Marcus Aurelius, who set the fashion for acknowledgments, was able to trace with brevity yet with care the qualities of which his meditations were the fruit to the friends who had most intimately affected his character and molded his attitude toward life. Were I to begin to enumerate the persons to whom I am conscious that some aspect of this book is due, the patience of the publisher would be soon exhausted. I can only say that in bringing my materials to some sort of literary unity, the imaginative sympathy of Mr. Walton H. Hamilton of the Robert Brookings Graduate School, first secretary of the Amherst committee, has been a constant inspiration.
The insight of Dr T. E. Gregory of the London School of Economics aided me while in London to some, understanding of British finance. A long-continued interchange of ideas with my friend and former student Dr. Edward S. Mason, of Harvard University, has been invaluable in clarifying my fundamental economic conceptions.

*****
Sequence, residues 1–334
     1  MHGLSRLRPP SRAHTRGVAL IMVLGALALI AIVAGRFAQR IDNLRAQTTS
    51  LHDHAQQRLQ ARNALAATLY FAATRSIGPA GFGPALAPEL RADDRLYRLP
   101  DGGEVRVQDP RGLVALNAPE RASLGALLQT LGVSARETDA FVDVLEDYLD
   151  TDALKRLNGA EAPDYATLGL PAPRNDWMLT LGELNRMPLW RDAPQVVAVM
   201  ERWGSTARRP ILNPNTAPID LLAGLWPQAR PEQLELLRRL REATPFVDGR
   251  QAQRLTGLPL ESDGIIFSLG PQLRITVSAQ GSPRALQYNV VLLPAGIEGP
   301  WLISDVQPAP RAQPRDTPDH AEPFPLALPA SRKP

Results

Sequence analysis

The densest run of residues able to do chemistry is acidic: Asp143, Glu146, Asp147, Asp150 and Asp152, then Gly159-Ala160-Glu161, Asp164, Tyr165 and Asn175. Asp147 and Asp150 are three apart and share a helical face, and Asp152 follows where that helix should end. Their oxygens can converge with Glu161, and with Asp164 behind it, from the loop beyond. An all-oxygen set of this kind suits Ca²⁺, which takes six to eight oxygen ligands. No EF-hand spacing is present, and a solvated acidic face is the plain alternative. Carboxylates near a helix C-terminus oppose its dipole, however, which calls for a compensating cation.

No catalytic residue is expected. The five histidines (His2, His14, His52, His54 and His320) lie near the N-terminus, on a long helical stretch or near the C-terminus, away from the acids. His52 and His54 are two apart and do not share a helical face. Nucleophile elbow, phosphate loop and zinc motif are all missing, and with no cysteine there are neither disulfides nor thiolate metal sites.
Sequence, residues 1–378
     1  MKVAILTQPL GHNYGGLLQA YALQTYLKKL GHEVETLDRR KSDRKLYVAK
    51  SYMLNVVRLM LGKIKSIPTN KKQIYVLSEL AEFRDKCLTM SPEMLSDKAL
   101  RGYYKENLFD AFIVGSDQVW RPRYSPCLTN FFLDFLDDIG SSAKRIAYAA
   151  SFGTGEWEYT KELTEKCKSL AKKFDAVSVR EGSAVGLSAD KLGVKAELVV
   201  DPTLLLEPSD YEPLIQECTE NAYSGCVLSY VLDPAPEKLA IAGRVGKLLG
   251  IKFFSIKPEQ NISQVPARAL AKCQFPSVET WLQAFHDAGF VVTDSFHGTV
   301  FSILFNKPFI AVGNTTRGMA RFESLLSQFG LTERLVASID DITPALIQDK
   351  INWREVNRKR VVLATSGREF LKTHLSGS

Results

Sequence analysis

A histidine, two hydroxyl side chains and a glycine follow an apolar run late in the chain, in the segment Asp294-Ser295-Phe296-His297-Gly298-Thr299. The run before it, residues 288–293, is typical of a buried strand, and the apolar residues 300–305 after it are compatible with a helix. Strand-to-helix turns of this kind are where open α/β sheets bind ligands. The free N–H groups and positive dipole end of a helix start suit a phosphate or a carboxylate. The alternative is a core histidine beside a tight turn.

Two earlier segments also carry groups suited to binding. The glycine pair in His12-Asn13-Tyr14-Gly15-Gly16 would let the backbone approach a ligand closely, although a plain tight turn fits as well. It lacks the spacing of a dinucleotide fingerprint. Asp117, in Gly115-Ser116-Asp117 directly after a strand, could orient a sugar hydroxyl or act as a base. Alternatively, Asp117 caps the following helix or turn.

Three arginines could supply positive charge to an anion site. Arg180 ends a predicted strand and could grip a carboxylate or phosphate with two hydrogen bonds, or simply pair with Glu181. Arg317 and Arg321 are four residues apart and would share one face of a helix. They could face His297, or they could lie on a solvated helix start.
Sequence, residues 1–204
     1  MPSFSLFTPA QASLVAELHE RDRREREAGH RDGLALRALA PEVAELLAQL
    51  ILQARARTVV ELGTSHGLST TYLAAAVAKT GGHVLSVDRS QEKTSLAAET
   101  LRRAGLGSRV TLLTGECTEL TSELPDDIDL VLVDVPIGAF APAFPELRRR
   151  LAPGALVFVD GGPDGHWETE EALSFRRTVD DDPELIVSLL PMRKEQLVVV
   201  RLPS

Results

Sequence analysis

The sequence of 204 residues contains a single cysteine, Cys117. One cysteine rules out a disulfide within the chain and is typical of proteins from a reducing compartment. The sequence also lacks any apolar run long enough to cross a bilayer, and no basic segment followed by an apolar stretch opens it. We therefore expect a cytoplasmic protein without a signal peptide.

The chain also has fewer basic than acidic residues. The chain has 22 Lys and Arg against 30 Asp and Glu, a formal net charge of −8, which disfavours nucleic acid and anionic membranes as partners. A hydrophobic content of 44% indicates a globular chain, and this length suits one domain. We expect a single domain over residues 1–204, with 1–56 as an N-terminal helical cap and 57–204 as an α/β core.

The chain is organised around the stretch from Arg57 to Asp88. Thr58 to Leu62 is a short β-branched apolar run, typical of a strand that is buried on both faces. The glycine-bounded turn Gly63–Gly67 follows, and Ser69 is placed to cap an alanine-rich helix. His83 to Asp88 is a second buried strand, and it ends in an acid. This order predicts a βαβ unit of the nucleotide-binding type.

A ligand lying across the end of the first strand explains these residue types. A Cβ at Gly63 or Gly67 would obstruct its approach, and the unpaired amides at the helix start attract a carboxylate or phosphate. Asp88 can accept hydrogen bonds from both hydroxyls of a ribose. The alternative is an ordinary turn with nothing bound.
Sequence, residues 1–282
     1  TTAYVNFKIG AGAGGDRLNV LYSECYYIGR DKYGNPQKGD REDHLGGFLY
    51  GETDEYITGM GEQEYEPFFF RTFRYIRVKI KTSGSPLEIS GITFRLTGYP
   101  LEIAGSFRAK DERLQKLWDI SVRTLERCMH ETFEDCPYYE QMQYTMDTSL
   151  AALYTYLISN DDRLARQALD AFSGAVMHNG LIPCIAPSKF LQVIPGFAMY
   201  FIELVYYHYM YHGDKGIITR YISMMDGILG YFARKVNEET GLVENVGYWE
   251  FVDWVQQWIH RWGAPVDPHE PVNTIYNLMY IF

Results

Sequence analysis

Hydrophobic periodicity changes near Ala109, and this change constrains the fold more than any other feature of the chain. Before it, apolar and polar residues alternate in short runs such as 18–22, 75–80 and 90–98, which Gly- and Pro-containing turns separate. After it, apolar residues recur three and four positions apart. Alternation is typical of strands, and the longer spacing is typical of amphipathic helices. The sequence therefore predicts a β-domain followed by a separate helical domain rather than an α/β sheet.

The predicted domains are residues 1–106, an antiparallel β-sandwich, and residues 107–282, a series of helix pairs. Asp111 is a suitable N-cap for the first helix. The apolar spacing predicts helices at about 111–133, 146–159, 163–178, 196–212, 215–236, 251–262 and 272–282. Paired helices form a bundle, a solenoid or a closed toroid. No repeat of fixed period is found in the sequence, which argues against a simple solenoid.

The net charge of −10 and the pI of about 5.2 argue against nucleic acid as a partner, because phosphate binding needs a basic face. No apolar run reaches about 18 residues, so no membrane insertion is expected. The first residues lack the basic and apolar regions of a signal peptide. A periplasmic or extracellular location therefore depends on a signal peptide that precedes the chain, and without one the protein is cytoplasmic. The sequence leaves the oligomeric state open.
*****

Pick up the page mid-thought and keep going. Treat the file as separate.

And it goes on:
The manuscript has also had the benefit of the criticism of Professors C. J. H. Hayes, R. L. Schuyler, E. R. A. Seligman, and Dr. James W. Angell, of Columbia University; Professor Paul H. Douglas, of Chicago University, second secretary of the Amherst committee; and Dr. Charles O. Hardy, of the Institute of Economics, who first showed me the interrelation of history and economics. Chapter III has been read by Professor Arthur Cole, of Harvard ; Chapter VIII by Mr. Edgar Speyer, of New York City; and Chapter IX by Mrs. Margaret Briscoe Hopkins, of Amherst, Massachusetts. I am under obligations to the Macmillan Company and Macmillan & Company, Ltd. for permission to use extracts from Sir Henry Drummond Wolff's Rambling Recollections. And I wish finally to say to some young mar who were from 1923 to 19^5 students of mine in Amherst College, that, in delaying, they helped mature this book.
Leland Hamilton Jenks.
New York City, June 1, 1926.
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